Yesterday the lockdown in Auckland, New Zealand’s largest city, was eased from “alert level 4” to “level 3,” despite new cases of the highly infectious Delta variant of COVID-19 being reported every day.
The decision is a gamble with the health and lives of working people. Like governments internationally, Prime Minister Jacinda Ardern’s Labour Party-led government is placing the demands of big business ahead of a science-based public health response.
The entire country went into a strict “level 4” lockdown on August 18, with the government saying its aim was to eliminate a Delta outbreak. Since then, 1,123 cases have been identified (861 of these have recovered), dozens of people have been hospitalised and one has died. Today another 15 new cases were reported, following 23 yesterday.
The lockdown was lifted for the rest of the country on September 8, with “alert level 2” restrictions still in place, such as mandatory masking in businesses and public transport. The lack of restrictions in schools, in particular, raises the risk of the virus spreading if it gets out of Auckland.
While “level 3” is still classified as a lockdown, with the government advising people to “work from home if they can,” between 200,000 and 300,000 people are estimated to have returned to workplaces. A survey by the Auckland Business Chamber found that 80 percent of businesses could operate in some form. The Chamber’s chief executive Michael Barnett told the New Zealand Herald: “Now we want to see a flexible level 3 to enable as many businesses to ramp up productivity and operations as quickly as possible.”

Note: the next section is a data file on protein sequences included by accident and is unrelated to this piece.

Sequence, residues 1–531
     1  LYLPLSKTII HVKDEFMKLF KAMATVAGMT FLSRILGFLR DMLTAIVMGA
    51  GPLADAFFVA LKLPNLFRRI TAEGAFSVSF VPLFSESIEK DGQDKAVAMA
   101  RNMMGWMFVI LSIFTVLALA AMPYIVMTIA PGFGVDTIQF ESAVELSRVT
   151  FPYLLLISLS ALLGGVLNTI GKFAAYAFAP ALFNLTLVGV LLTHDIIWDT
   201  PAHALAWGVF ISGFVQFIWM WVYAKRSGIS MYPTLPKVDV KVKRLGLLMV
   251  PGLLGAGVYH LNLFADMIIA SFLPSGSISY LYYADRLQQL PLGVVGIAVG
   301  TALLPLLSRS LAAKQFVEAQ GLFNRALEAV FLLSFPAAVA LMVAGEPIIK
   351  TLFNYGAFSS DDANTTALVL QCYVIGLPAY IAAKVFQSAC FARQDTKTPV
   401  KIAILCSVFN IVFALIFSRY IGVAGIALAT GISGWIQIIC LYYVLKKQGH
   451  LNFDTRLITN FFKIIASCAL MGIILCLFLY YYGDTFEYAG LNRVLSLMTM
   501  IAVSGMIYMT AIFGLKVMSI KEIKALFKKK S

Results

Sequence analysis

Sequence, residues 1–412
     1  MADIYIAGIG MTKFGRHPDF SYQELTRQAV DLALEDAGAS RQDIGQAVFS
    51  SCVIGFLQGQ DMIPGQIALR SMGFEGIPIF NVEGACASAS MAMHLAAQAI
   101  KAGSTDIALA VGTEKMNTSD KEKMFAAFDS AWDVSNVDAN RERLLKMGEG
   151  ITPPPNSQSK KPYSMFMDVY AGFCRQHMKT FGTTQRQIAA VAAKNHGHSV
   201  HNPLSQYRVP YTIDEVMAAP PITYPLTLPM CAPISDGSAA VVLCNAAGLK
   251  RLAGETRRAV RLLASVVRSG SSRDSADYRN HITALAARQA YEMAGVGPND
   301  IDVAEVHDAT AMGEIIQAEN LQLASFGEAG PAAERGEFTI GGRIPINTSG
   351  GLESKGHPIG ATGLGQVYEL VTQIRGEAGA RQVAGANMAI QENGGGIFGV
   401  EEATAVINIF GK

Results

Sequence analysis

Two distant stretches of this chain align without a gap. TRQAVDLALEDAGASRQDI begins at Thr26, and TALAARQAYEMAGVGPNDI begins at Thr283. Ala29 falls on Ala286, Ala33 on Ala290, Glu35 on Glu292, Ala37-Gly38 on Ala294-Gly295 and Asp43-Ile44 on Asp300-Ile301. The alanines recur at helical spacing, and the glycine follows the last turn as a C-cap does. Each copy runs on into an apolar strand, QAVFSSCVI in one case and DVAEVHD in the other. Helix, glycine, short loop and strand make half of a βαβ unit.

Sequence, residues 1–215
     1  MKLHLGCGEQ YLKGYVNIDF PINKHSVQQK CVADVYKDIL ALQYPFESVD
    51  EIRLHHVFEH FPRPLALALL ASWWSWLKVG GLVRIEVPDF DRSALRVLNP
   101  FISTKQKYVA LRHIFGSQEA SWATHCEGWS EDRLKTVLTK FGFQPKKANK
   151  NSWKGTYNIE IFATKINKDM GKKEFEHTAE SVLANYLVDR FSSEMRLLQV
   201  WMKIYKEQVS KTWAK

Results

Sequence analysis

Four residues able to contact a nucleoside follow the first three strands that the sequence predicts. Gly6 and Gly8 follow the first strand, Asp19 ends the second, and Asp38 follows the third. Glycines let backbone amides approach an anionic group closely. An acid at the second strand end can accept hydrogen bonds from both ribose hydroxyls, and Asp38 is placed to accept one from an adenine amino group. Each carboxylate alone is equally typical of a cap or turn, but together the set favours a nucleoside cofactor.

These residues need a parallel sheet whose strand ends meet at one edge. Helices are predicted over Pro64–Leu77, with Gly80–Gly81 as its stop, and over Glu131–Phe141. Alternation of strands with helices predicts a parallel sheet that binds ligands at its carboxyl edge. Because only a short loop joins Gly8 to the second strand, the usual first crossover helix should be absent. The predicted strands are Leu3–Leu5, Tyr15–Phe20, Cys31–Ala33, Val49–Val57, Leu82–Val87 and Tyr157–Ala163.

Cafes, restaurants and fast food stores, and other retailers, can open for contactless services. Construction sites are also operating. Schools and early childhood education centres can reopen with small class sizes.
Epidemiologist Michael Baker told the Guardian moving to level 3 in Auckland was “a gamble” that “increases the risk that we won’t contain the outbreak.” He warned that “undetected chains of transmission could be simmering on,” and while it was still possible to eliminate the virus, this would depend on “luck.”
Speaking to Radio NZ on Wednesday, microbiologist Siouxsie Wiles urged the country to “stick with elimination.” She pointed out that in the US, where shutdowns have never been properly implemented, an estimated 9 million years of life have been lost due to COVID-19. She said “the reason it’s so high is because… about half of those years lost are from deaths in 25- to 64-year-olds, people who would have a considerable life still ahead of them.”
The National Maori Pandemic Group, made up of public health experts and doctors, had urged the government to maintain level 4 in Auckland and called for the lockdown to be extended to the Waikato region, where three cases were detected over the weekend. The source was a remand prisoner who had been released from Auckland on bail to live in the Waikato. The cases highlight the dangerously porous boundary between Auckland and the rest of the country, which is crossed by thousands of people, mainly transport workers, every day.
Professor Sue Crengle, co-leader of the Group, told Radio NZ she feared that the disaster in New South Wales, Australia, could be repeated in New Zealand. Case numbers have exploded in the state due to lax restrictions. Like Australia’s indigenous population, Maori and Pacific Islanders are at greater risk from COVID-19 due to poor health and much higher levels of poverty. The Auckland outbreak has predominantly affected Pacific people in working class areas of the city.